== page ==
By Paul Clarke
But has the bank been actively hiding this fact, or has the government just been slow in chasing up the details?
Parliamentary questions now seems to be the place where details of Irish banks’ remuneration practices come to light. It is, after all, an easy way for politicians to score some points and create more scathing banker-bashing headlines.
Some new controversy has emerged over the fact that BoI may have been paying some performance-related bonuses since coming under the government bank guarantee scheme, despite telling the Department of Finance in December that nothing had been paid over the course of last year.
Joan Burton TD highlighted this fact during a December parliamentary question, and has since described the payments as “one further act of deceit” by BoI, while Brian Lenihan has assured us that an “urgent investigation” was underway.
But is all this just a matter of semantics? BoI hasn’t revealed any figures about bonus payments, but said in a response to the Department of Finance enquiries on 1 December that no performance-related bonuses were paid “with respect to the financial years to March 2009 and December 2009”.
However, it also added:
“A small number of people at middle management level received payments which reflected either guarantees which were agreed on their joining the Group or deferred payments where the historic performance criteria had been achieved and the payment was deferred over several years. For commercial reasons BoI do not disclose the amount of such payments. The bank advises that it had no legal discretion in these matters.”
In other words, performance related bonuses are not being paid, unless the bank already has contractual arrangements to do so, and it’s suggesting it isn’t necessary to divulge figures. What’s more, it’s made no attempt to see if it is legally bound to pay these, as AIB did over the now well-known deferred 2008 bonus payments for its capital markets division.
Undoubtedly, BoI has been evasive on this matter, having avoided producing any figures on bonus payments, despite the fact that all the other Irish institutions under the guarantee have, but you can hardly accuse it of active deception.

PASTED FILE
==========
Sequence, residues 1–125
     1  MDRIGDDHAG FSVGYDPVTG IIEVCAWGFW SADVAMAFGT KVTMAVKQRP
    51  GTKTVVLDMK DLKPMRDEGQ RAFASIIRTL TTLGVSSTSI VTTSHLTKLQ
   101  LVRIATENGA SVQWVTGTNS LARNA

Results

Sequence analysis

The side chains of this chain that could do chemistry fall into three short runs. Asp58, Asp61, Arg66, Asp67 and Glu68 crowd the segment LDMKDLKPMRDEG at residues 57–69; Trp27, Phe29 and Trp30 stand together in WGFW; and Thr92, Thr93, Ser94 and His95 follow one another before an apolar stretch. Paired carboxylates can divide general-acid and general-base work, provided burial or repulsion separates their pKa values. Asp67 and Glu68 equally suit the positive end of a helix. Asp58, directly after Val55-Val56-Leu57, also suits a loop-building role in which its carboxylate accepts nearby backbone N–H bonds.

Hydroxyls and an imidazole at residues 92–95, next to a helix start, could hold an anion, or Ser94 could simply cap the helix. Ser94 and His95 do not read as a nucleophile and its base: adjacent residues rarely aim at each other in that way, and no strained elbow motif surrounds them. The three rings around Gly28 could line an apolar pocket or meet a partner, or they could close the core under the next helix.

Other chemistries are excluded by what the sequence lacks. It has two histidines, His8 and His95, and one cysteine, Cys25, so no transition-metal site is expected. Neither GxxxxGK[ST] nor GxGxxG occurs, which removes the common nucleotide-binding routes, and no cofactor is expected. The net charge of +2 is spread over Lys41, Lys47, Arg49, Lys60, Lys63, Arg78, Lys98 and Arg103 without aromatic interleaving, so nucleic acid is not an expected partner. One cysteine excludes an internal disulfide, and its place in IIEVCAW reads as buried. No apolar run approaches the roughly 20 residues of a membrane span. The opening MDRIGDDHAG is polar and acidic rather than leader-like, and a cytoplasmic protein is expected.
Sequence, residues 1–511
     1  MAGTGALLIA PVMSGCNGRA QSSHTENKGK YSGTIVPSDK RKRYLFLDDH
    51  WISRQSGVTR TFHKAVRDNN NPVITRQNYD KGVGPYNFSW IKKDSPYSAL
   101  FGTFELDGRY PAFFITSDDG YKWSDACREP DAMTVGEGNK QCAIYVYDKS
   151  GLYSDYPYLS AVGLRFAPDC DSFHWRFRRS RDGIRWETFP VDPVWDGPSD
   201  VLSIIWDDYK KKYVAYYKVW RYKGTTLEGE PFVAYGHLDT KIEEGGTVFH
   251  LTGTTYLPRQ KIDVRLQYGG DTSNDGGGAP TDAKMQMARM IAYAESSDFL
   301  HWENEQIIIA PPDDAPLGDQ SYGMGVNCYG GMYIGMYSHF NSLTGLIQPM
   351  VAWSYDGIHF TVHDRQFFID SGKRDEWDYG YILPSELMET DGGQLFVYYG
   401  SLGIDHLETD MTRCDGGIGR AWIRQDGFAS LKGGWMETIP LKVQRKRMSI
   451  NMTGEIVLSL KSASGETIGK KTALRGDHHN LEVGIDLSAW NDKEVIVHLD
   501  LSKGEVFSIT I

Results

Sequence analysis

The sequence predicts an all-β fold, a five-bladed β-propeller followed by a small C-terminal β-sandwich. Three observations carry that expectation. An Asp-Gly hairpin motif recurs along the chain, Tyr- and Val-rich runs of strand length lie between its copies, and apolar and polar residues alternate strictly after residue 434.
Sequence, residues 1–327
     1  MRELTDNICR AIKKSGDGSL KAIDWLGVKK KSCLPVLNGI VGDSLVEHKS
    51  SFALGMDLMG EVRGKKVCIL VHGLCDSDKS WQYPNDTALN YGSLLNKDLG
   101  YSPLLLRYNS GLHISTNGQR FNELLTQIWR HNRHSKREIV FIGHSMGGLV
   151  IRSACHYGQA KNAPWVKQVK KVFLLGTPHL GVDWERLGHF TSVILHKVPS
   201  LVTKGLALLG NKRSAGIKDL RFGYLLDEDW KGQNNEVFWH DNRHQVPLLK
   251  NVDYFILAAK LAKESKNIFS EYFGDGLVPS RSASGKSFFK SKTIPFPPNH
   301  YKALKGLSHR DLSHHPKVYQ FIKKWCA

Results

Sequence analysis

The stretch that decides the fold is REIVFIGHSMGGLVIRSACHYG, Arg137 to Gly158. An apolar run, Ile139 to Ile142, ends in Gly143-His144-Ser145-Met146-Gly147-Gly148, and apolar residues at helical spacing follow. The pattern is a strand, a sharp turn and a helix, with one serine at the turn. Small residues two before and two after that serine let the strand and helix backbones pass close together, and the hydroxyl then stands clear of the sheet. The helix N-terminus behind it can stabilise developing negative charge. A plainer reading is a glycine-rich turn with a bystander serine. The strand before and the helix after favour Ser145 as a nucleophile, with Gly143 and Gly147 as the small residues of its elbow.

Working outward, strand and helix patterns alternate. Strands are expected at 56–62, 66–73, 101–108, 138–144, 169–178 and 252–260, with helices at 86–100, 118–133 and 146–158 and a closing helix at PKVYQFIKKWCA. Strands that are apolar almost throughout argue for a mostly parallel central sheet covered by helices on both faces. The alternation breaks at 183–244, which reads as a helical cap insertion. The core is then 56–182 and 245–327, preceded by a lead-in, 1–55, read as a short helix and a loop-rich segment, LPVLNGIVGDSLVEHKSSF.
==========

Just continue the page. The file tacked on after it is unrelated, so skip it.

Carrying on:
Instead, surely it’s the government’s responsibility to chase this matter up, considering the political sensitivity around banker bonuses in Ireland and the greater influence it now has on the institutions. By failing to do so, it gives yet more ammunition to the opposition parties and fans the flames of public outrage over banker bonuses.
Below is the table submitted to Brian Lenihan by Irish banks (BoI excepted) detailing their bonus payments over the last two years. Most have drastically scaled back both the sums paid out in bonuses and the number of people receiving them:
Last year the bank told the Government it had not paid any performance-related bonuses to staff since the guarantee in September 2008.
Following subsequent queries by Department of Finance officials, it has emerged the bank did not disclose millions it paid out as part of contractual bonuses, which also have a performance-related element.
Neither the bank nor the department would comment last night on the scale of the bonus payments or how many staff benefited until investigations are completed. However, one well-placed source said the figure would be at least several million euro.
Other banks covered by the guarantee scheme have paid out a total of almost €46 million in bonuses between 2008 and 2010.
Anglo Irish Bank was responsible for some €20 million in bonus payments in the last months of 2008. AIB also paid out about €20 million, the bulk of which went to overseas staff. The sums recorded for Bank of Ireland were nil.
The latest information on bonus payments has come to light following a parliamentary question by Labour’s finance spokeswoman Joan Burton TD.
She said yesterday that the bank’s failure to disclose the payments was an “act of deceit” and an “astonishing display of arrogance and contempt” for the Government.
Minister for Finance Brian Lenihan said the bank’s chief executive had acknowledged the difficulties caused as a result of the misinformation and apologised unreservedly.
Mr Lenihan said he was undertaking an “urgent investigation” into bonus payments made since the guarantee scheme and of additional payments the banks may have intended making in the future.
The Minister said previous information given to his department that indicated that no performance-related bonuses were paid to staff was incorrect, as it did not take into account “contractual bonuses” which were performance related.
A spokesman for Bank of Ireland yesterday said there was never any intention on behalf of the bank to mislead the department.
He said some of these bonuses had not been classified as performance-related and were typically paid because of legal obligations or arrangements which predated the bank guarantee scheme.
Ms Burton, however, said it beggared belief that the bank did not have data on bonuses at their fingertips. “It is money from the taxpayer and a State guarantee that are keeping the Bank of Ireland afloat,” she said.